The Institute for Advanced Study has established a Professorship in its School of Social Science in honor of James D. Wolfensohn, Chairman of the Board of Trustees from 1986 to 2007. The James D. Wolfensohn Professorship in Social Science was funded by donations from Institute Trustees and Faculty as well as Mr. Wolfensohn's colleagues and friends to acknowledge his 21 years of distinguished service to the institution. More than $5 million was raised to create the Professorship, which is intended to be filled by a scholar who analyzes the cultures of non-Western countries ethnographically, and whose research is aimed at studying these local and national cultures to gain an understanding of how they work in terms of their histories and their place in international and global contexts.
A new Membership in the School, to be associated with this Professorship, has been created by a generous donation from the Wolfensohn family. The Wolfensohn Family Membership is an expression of Mr. Wolfensohn's and his family's commitment to the Institute and its mission, and it reflects their belief in the importance and future of local cultures and their desire to strengthen scholarship in the field.
"The whole Institute community is delighted that, through the generosity of many friends and admirers of Jim Wolfensohn, we have been able to endow this Professorship," stated Peter Goddard, Director of the Institute. "It will both support the study of cultures in the developing world, to which Jim has contributed so much, and also commemorate his extraordinary achievements as Chairman of our Board of Trustees. The Wolfensohn Family Membership provides further testimony to the commitment of Jim and Elaine and their family to the mission of the Institute and to the study and preservation of local cultures."
Danielle Allen, UPS Foundation Professor in the School of Social Science noted, "The Wolfensohn Chair and Membership will anchor fundamental lines of inquiry in the social sciences, including questions related to the culture and politics of the developing world, utilizing the tools and methods of ethnography. The work of the Wolfensohn Professor and Wolfensohn Family Member will provide opportunities for all Members of the School of Social Science to expand their capacities at comparative work as well as ensure that quantitative methods of analysis are always complemented with qualitative and interpretive approaches. This gift will foster the richest and most probing analyses possible of social experience. The School is deeply grateful for this foundational support."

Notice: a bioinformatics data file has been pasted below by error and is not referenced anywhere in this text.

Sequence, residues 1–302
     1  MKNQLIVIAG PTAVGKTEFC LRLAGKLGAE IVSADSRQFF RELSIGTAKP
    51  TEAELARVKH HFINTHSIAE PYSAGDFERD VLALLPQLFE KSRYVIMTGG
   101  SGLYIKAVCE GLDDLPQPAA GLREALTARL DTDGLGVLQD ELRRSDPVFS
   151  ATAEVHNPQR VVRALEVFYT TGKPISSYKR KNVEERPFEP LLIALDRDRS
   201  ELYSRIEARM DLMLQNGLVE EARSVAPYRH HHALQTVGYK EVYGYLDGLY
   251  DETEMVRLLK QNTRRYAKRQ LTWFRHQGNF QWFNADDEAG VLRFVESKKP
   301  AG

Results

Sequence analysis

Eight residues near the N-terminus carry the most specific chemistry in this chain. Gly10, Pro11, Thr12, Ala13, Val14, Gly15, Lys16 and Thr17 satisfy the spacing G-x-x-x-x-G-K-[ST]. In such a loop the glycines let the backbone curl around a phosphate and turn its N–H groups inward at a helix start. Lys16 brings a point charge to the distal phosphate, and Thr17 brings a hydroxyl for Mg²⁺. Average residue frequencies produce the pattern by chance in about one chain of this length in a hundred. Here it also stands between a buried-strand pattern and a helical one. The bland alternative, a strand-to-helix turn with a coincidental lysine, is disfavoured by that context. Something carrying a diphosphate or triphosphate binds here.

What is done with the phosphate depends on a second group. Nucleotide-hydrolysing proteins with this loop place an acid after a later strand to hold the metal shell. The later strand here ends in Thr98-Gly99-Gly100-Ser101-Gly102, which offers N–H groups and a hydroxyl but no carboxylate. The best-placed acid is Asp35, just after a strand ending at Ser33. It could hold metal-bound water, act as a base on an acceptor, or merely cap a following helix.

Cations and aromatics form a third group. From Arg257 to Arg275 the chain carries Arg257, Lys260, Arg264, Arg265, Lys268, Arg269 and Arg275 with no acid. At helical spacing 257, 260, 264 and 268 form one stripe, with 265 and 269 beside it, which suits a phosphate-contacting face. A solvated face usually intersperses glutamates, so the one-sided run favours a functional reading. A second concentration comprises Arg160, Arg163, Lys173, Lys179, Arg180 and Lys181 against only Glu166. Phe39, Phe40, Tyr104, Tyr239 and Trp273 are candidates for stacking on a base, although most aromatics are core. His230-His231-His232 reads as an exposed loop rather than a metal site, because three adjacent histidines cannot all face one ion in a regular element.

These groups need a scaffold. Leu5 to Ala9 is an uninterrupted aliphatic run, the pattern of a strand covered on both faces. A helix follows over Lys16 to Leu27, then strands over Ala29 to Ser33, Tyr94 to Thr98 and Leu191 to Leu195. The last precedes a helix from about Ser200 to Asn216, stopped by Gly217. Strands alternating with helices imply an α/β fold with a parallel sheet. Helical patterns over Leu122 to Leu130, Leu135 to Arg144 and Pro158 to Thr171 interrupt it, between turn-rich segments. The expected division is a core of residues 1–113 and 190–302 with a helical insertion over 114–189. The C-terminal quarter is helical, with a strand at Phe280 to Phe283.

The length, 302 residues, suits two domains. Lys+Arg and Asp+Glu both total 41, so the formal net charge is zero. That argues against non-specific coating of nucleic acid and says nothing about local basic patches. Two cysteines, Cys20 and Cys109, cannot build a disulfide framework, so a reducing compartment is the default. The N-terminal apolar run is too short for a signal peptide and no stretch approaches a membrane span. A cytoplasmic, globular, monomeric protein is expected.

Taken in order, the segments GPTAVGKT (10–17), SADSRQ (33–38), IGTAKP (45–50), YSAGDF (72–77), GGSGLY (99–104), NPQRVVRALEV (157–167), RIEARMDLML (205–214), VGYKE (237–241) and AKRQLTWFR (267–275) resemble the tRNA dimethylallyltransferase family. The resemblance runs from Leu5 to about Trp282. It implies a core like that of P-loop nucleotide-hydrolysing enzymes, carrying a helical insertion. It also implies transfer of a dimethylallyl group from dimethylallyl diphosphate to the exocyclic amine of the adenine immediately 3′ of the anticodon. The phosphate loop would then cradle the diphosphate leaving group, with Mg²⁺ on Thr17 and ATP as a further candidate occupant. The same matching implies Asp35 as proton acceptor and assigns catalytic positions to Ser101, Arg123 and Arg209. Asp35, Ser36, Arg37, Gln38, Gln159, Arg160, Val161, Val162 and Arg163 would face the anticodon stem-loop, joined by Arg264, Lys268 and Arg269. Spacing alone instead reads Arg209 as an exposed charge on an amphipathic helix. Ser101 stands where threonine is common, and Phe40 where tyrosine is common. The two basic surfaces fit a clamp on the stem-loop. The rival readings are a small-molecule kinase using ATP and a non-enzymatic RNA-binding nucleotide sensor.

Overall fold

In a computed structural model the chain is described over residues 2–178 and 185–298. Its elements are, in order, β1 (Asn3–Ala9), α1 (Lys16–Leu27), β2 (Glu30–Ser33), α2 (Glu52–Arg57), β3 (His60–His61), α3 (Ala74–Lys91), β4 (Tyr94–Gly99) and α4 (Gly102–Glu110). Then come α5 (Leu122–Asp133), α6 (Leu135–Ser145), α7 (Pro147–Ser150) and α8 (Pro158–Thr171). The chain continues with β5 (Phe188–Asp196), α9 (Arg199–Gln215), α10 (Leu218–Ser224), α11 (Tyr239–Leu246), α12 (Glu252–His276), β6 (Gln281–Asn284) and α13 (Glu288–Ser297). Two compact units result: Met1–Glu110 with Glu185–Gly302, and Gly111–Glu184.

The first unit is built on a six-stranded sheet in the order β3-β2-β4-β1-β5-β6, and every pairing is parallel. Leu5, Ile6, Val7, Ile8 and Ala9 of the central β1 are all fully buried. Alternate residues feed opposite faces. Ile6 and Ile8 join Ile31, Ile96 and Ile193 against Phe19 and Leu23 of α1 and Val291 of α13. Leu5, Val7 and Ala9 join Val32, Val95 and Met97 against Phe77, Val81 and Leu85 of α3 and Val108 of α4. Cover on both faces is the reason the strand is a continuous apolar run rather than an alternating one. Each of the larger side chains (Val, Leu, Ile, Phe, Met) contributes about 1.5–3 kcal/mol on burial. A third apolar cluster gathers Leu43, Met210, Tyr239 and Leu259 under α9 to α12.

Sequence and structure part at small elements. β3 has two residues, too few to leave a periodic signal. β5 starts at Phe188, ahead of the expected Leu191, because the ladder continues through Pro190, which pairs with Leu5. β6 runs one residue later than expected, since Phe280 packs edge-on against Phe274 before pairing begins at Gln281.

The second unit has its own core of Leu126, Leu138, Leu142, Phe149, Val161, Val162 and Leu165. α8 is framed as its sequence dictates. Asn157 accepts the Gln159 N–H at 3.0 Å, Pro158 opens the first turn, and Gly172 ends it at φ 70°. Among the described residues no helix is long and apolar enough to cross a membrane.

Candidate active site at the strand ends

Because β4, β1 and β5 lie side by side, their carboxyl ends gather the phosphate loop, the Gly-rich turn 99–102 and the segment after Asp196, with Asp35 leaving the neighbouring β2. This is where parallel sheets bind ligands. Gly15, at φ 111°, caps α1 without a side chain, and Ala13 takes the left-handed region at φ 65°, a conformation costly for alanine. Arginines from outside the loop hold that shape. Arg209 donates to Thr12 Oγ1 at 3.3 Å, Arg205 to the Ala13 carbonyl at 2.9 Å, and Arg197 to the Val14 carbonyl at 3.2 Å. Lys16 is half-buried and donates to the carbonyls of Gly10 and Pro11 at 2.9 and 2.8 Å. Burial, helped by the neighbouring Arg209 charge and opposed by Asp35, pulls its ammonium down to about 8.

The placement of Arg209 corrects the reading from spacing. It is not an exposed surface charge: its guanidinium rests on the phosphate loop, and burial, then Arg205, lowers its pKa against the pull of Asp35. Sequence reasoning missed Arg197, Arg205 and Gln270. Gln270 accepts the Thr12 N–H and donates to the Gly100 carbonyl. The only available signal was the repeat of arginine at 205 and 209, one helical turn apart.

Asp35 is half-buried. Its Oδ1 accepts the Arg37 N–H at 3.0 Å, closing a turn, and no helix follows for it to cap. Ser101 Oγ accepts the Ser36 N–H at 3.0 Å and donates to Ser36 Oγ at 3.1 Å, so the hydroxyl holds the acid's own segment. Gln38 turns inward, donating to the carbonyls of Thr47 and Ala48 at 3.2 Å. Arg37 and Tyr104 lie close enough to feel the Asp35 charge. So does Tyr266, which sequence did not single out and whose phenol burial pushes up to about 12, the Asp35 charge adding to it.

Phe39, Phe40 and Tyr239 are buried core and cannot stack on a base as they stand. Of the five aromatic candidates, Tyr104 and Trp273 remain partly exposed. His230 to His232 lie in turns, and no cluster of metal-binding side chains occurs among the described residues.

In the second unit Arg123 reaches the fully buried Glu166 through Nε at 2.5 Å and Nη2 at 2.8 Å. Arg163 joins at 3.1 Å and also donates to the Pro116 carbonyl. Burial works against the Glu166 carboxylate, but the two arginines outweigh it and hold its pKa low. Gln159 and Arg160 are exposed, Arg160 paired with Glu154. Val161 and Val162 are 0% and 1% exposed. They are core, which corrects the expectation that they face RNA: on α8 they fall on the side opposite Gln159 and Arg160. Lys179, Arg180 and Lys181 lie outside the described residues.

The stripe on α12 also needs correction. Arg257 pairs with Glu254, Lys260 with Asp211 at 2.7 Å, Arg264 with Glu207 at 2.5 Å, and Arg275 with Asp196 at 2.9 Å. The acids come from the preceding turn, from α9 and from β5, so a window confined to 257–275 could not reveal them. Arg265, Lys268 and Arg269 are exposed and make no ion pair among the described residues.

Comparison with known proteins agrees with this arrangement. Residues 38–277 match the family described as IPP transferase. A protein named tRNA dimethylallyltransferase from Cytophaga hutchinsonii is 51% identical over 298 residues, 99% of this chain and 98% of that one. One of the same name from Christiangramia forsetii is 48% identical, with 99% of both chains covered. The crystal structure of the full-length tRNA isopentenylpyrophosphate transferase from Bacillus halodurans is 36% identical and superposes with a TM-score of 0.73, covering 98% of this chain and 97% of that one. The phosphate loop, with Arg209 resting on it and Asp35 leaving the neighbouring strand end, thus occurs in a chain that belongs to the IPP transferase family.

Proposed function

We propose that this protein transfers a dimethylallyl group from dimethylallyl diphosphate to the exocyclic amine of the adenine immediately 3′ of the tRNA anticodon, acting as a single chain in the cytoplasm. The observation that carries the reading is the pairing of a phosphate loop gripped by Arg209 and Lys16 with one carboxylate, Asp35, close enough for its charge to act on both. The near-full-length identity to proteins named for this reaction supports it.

"I am deeply moved by the action of the Institute community and our friends in making possible the naming of a Chair for me in the School of Social Science," commented Mr. Wolfensohn, Chairman Emeritus. "It is gratifying that this Professorship will be devoted to issues relating to non-Western cultures, thus linking my work at the World Bank with my commitment to the Institute as a great center for learning and research."
Mr. Wolfensohn, former President of the World Bank and current Chairman of Wolfensohn & Company, L.L.C., has been a Trustee of the Institute since 1979 and served as Chairman of the Board from 1986 to 2007. While Chairman, Mr. Wolfensohn oversaw the Institute's successful endowment of six Professorships across the four Schools, including the Albert O. Hirschman Professorship in the School of Social Science, currently held by economist Eric S. Maskin, and the George F. Kennan Professorship in the School of Historical Studies, currently held by political philosopher Avishai Margalit. With former Institute Director (1991-2003) and current School of Mathematics Professor Phillip Griffiths, he worked to initiate the Millennium Science Initiative, a program that aims to create and nurture world-class science and scientific talent in the developing world.
As Board Chairman, Mr. Wolfensohn helped steward the growth of the Institute's endowment, which more than quadrupled during his tenure. Mr. Wolfensohn, together with his wife Elaine, has been an energetic supporter of the Institute's IAS/Park City Mathematics Institute (PCMI), and has also led building projects such as Simonyi Hall (1993) and Bloomberg Hall (2002), which respectively house the Institute's Schools of Mathematics and Natural Sciences. The Institute's lecture and performance hall, Wolfensohn Hall, was dedicated in 1993 in honor of Mr. Wolfensohn and is a reflection of both his long-standing commitment to the Institute and his own personal love of music.
About the Institute for Advanced Study
The Institute for Advanced Study is one of the world’s leading centers for theoretical research and intellectual inquiry. The Institute exists to encourage and support curiosity-driven research in the sciences and humanities—the original, often speculative thinking that produces advances in knowledge that change the way we understand the world. Work at the Institute takes place in four Schools: Historical Studies, Mathematics, Natural Sciences and Social Science. It provides for the mentoring of scholars by a permanent Faculty of approximately 30, and it ensures the freedom to undertake research that will make significant contributions in any of the broad range of fields in the sciences and humanities studied at the Institute.
The Institute, founded in 1930, is a private, independent academic institution located in Princeton, New Jersey. Its more than 6,000 former Members hold positions of intellectual and scientific leadership throughout the academic world. Thirty-three Nobel Laureates and 40 out of 56 Fields Medalists, as well as many winners of the Wolf and MacArthur prizes, have been affiliated with the Institute.